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Banking, Finance, and Accounting

On October 23, EHS will host our fourth annual Alumni Leadership Day. This event gives seniors an opportunity to hear from a variety of alumni regarding their respective careers.

Based on their occupation, each alumni member sits on one of eleven panels. Every senior rotates through two panels in the morning, and the day concludes with a roundtable lunch.

Read about our Banking, Finance, and Accounting alumni panelists below.

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Christina Pickett Blackwell ‘99

Senior Portfolio Manager, First Tennessee Bank

Cpickett4@gmail.com

BA, Finance, Texas A&M University

A typical day in my current role includes talking with my commercial real estate developers.Topics could include construction draws, project status, lease-up details including current rents and concessions, financial stability of the company or project or the guarantors. When not speaking or emailing clients, the majority of the time I am analyzing the projects financial statements and rent rolls monitoring the construction progress or the financial strength of the guarantors.

To be successful in this industry, you need to be able to multitask, prioritize work flow, understand financial statements and enjoy commercial real estate!

Carroll Cartwright '10

Assistant Vice President, Energy Group, Wells Fargo

carroll.cartwright@wellsfargo.com

BA, Economics and Business, University of Texas

Carroll is currently an Assistant Vice President in the Energy Group at Wells Fargo. Over the past two years, she has managed various distressed companies and advised companies on restructuring solutions. Prior to that role, she has worked in various divisions of the Wells Fargo Energy Group, including: Upstream Oil & Gas, Oilfield Services, and the Investment Grade Group. Carroll is focused on business writing and evaluation around structural elements for several credit facilities.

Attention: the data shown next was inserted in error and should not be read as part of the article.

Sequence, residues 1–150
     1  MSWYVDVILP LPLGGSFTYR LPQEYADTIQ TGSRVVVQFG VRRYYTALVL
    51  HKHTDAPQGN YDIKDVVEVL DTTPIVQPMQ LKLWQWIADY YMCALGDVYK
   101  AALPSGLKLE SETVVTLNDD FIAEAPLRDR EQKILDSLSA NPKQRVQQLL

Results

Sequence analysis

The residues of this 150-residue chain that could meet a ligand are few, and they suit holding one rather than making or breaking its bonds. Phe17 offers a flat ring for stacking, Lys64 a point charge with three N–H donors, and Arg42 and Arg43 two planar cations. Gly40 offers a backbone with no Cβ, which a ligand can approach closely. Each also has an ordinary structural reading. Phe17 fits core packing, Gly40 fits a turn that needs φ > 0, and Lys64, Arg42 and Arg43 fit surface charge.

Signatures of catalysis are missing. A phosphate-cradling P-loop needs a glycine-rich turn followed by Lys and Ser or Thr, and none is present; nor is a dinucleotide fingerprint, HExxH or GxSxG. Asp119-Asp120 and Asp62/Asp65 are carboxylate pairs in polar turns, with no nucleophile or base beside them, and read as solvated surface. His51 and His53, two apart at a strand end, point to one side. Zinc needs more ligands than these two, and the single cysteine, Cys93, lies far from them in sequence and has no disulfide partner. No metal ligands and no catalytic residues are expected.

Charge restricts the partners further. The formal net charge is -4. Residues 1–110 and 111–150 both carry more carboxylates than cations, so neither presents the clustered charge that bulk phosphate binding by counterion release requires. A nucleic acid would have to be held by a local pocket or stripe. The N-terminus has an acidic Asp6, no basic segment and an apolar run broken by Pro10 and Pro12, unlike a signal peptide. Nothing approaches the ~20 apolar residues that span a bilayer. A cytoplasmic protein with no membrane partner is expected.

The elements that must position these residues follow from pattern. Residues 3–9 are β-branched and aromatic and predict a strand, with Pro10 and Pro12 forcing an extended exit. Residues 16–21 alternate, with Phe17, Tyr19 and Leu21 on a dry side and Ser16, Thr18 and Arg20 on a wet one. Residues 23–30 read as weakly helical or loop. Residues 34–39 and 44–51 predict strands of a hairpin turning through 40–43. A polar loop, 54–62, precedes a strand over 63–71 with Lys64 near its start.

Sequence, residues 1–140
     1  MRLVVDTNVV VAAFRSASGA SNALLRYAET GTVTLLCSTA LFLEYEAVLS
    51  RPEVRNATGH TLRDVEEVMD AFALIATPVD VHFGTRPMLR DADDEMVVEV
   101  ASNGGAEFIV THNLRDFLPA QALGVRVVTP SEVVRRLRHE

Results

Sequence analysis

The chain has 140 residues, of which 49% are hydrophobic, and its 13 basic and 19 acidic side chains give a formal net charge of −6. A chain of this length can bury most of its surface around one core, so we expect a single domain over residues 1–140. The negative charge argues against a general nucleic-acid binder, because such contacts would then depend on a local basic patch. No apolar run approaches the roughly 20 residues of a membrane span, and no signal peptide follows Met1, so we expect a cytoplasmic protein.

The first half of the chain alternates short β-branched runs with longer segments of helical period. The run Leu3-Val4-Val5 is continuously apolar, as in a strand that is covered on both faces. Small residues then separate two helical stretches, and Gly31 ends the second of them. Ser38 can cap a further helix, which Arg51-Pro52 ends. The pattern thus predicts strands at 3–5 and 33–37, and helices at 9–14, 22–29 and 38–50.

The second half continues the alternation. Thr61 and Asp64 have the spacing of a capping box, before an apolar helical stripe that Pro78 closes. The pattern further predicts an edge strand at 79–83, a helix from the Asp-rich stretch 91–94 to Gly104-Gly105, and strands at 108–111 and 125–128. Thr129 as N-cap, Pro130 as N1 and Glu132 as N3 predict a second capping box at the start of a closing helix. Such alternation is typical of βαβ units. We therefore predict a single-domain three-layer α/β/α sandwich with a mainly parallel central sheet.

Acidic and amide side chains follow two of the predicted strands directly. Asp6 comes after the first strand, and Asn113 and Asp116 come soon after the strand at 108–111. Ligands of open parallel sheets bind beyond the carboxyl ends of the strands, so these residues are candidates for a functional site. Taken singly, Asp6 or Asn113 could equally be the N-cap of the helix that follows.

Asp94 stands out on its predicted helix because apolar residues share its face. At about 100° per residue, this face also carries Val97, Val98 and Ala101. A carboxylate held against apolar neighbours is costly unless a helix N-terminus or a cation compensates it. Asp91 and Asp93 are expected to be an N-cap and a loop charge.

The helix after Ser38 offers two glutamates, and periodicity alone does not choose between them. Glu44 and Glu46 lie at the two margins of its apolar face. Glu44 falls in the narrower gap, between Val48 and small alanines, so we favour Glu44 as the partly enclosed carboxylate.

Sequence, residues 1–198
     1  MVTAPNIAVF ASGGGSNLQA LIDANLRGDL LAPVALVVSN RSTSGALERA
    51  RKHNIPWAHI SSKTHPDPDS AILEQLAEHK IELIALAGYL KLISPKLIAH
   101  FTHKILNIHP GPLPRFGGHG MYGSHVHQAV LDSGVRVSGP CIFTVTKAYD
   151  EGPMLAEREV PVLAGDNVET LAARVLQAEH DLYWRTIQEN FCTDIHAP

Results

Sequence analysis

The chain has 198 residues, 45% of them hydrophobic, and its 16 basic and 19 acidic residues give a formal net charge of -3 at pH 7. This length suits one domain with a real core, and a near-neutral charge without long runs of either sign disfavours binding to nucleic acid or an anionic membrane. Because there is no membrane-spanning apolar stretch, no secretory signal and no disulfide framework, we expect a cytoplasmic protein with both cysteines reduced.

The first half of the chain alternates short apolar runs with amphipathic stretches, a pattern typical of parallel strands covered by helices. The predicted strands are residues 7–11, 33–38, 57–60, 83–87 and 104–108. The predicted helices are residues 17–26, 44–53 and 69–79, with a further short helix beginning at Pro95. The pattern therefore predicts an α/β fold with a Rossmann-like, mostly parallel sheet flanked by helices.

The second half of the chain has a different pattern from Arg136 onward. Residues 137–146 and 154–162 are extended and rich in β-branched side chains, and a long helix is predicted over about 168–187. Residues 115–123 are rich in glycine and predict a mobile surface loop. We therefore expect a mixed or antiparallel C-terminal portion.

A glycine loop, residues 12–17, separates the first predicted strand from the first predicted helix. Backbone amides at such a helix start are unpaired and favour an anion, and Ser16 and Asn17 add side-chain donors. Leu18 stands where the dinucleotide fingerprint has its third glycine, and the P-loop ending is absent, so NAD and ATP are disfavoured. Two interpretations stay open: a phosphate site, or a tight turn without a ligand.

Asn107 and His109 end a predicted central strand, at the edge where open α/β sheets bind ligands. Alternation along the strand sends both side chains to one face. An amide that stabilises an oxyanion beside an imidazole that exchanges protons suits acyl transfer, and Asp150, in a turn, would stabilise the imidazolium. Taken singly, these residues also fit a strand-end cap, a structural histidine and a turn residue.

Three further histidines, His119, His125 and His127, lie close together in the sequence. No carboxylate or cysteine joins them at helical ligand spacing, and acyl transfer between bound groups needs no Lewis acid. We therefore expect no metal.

Carroll graduated with a BBA in Economics Honors and a minor in Business from The University of Texas at Austin in 2014. During her time in college, she was involved in various organizations such as Economics Honors Society, Order of Omega Philanthropic Society, and Omicron Delta Epsilon Economics Society.

She currently serves on the Director’s Council and Silver Dollar Society Committee for Episcopal High School. She enjoys outdoor activities such as hiking, snow skiing, and playing tennis. She is a board member of Houston’s Young Professionals in Finance Organization. Carroll is also actively involved in volunteering in the Houston community with numerous organizations.

My advice is to stay positive and really work hard, even in troubled environments. It can be difficult to find a job today, but if you prove that you are a diligent and driven worker during college, opportunities will arise that you never even expected. I believe that EHS prepared me for the work I do today, so I would encourage you to take what you have learned, and apply that throughout your daily life.

Christopher J. Day ‘98

Managing Director , Doliver Capital Advisors

cday@doliveradvisors.com

MA, Northeastern University in Boston

I work at Doliver Capital Advisors which is a money management firm with a rich history of serving high net worth individuals in a full-service family office format.